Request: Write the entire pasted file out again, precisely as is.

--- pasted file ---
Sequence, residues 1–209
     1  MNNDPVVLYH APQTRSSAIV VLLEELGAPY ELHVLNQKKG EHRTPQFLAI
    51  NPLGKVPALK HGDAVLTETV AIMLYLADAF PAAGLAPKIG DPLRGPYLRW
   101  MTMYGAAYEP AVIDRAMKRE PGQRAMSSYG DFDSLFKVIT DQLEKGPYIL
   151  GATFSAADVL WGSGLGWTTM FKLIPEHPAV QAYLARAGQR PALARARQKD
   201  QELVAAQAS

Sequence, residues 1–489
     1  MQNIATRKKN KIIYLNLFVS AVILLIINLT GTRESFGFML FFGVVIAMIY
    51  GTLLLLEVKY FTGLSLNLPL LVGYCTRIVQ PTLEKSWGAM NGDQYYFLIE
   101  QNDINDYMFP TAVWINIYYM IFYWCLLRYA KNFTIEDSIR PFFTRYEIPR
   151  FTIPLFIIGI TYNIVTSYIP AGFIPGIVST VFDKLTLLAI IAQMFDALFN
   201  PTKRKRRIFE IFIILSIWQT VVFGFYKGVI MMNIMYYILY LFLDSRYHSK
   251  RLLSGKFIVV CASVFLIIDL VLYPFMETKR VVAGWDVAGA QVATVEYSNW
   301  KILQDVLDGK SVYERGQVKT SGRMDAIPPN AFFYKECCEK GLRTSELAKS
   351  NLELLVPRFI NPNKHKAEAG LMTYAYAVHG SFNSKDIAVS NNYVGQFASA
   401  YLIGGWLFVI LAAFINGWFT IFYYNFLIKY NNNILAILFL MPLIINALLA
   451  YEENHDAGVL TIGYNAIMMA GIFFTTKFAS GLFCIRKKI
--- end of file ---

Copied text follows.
Sequence, residues 1–209
     1  MNNDPVVLYH APQTRSSAIV VLLEELGAPY ELHVLNQKKG EHRTPQFLAI
    51  NPLGKVPALK HGDAVLTETV AIMLYLADAF PAAGLAPKIG DPLRGPYLRW
   101  MTMYGAAYEP AVIDRAMKRE PGQRAMSSYG DFDSLFKVIT DQLEKGPYIL
   151  GATFSAADVL WGSGLGWTTM FKLIPEHPAV QAYLARAGQR PALARARQKD
   201  QELVAAQAS

Sequence, residues 1–489
     1  MQNIATRKKN KIIYLNLFVS AVILLIINLT GTRESFGFML FFGVVIAMIY
    51  GTLLLLEVKY FTGLSLNLPL LVGYCTRIVQ PTLEKSWGAM NGDQYYFLIE
   101  QNDINDYMFP TAVWINIYYM IFYWCLLRYA KNFTIEDSIR PFFTRYEIPR
   151  FTIPLFIIGI TYNIVTSYIP AGFIPGIVST VFDKLTLLAI IAQMFDALFN
   201  PTKRKRRIFE IFIILSIWQT VVFGFYKGVI MMNIMYYILY LFLDSRYHSK
   251  RLLSGKFIVV CASVFLIIDL VLYPFMETKR VVAGWDVAGA QVATVEYSNW
   301  KILQDVLDGK SVYERGQVKT SGRMDAIPPN AFFYKECCEK GLRTSELAKS
   351  NLELLVPRFI NPNKHKAEAG LMTYAYAVHG SFNSKDIAVS NNYVGQFASA
   401  YLIGGWLFVI LAAFINGWFT IFYYNFLIKY NNNILAILFL MPLIINALLA
   451  YEENHDAGVL TIGYNAIMMA GIFFTTKFAS GLFCIRKKI